The ethics of researching unethical images: A story of trying to do good research without doing bad things

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2 Scopus citations

Abstract

In this article, I tell the story of my research on the topic of “strangershots,’ which are photographs of strangers taken, shared, and mocked online without their subjects’ knowledge or consent. I interweave a narrative of how I conducted my strangershots research with the argument that researchers must develop situationally and ethically responsive methods for working with user-generated digital images. This argument focuses on two of the many ethical quandaries that haunt our efforts to research and write about unethical digital images: looking and sharing. I begin by describing these specific ethical quandaries and providing concrete examples of them from my own research experiences. I then offer actionable strategies for addressing these quandaries. To address ethical problems of looking, I offer the process-oriented methodological strategy of one-and-done data collection. To address ethical problems of sharing, I offer the dual circulation-oriented strategies of asking image subjects for consent and of deploying “ethical ekphrasis,” or intentional description, in place of image reproduction.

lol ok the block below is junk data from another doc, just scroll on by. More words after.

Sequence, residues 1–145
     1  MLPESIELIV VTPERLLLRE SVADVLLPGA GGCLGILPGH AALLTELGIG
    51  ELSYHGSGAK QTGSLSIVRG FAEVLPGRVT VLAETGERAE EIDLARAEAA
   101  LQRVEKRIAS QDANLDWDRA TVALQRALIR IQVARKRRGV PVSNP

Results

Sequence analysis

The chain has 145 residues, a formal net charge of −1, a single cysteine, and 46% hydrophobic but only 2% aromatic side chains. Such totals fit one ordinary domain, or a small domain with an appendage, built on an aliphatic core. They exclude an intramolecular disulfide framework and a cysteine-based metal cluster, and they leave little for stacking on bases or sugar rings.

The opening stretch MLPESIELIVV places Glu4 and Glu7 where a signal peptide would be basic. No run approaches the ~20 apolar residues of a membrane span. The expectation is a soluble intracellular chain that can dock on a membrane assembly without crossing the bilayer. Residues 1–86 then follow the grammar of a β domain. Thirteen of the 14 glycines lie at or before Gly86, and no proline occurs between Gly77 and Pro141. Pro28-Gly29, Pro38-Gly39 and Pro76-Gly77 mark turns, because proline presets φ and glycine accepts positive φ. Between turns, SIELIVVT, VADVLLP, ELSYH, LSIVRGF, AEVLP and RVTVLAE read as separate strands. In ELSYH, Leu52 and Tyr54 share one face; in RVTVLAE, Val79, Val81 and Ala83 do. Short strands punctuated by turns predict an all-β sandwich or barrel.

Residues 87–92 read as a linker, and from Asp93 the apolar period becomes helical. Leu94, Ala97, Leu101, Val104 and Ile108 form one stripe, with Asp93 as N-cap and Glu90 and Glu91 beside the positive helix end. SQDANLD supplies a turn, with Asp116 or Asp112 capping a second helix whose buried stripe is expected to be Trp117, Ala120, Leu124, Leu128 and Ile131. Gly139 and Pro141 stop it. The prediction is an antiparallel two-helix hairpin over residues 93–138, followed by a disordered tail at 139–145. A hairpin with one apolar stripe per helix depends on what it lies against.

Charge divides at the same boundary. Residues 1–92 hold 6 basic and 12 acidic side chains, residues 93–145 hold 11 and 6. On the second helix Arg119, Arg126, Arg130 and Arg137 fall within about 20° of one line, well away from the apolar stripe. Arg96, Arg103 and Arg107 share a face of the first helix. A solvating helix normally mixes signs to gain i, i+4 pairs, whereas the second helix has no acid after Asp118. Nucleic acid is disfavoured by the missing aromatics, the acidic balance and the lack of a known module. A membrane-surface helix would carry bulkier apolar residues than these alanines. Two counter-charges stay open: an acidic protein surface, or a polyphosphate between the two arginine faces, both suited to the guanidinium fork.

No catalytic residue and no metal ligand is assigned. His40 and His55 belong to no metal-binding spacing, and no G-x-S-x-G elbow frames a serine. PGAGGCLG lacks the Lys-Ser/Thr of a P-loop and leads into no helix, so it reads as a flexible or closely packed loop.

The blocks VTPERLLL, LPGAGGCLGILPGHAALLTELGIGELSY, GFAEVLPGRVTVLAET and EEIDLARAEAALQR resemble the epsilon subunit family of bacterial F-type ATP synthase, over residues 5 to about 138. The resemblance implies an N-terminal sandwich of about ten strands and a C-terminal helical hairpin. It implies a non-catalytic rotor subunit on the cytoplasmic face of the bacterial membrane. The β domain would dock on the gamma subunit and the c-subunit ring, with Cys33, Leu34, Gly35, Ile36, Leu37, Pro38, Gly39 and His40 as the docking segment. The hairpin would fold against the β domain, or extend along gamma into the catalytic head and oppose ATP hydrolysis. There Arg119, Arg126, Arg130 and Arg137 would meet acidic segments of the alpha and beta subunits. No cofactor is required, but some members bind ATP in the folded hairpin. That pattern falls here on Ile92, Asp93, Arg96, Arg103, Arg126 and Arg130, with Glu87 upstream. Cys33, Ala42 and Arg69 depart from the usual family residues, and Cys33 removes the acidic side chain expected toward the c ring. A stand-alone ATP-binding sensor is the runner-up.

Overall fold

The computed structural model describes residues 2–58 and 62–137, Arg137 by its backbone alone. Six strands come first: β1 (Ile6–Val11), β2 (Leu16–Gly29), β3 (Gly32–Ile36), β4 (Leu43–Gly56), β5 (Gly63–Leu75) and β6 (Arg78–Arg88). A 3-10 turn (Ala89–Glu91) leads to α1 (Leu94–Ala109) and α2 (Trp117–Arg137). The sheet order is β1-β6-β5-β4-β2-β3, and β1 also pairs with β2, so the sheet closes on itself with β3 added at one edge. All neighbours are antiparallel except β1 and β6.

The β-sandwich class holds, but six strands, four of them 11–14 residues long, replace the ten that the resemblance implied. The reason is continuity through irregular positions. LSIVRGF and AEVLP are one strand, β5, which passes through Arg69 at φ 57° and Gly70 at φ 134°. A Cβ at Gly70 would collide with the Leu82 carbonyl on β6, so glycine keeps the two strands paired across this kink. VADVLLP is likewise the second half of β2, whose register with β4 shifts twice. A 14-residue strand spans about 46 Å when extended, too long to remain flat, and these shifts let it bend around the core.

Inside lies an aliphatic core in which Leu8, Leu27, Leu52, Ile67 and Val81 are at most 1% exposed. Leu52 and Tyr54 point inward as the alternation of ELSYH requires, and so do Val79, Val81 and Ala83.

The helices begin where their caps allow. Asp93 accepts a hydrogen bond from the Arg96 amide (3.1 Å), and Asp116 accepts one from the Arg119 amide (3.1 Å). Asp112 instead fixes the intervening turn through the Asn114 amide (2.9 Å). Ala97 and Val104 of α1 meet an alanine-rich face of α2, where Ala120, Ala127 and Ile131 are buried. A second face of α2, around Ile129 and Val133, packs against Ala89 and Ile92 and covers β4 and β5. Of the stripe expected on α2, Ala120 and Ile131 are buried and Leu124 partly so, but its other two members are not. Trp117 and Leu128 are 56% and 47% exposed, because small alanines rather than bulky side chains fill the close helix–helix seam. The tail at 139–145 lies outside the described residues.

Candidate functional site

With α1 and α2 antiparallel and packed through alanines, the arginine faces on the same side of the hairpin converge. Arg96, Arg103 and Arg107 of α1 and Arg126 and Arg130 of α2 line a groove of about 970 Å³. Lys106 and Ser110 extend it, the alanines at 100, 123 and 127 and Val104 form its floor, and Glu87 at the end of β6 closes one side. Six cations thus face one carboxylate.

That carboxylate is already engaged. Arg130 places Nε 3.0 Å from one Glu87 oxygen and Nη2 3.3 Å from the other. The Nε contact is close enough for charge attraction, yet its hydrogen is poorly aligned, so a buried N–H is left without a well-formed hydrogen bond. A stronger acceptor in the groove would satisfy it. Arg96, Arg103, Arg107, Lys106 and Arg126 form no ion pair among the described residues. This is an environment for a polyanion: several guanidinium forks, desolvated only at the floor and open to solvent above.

Original languageEnglish
Article number102651
JournalComputers and Composition
Volume61
DOIs
StatePublished - Sep 2021

Bibliographical note

Publisher Copyright:
© 2021

Keywords

  • Digital rhetoric
  • Research ethics
  • Research methodology
  • Visual rhetoric

ASJC Scopus subject areas

  • General Computer Science
  • Language and Linguistics
  • Education
  • Linguistics and Language

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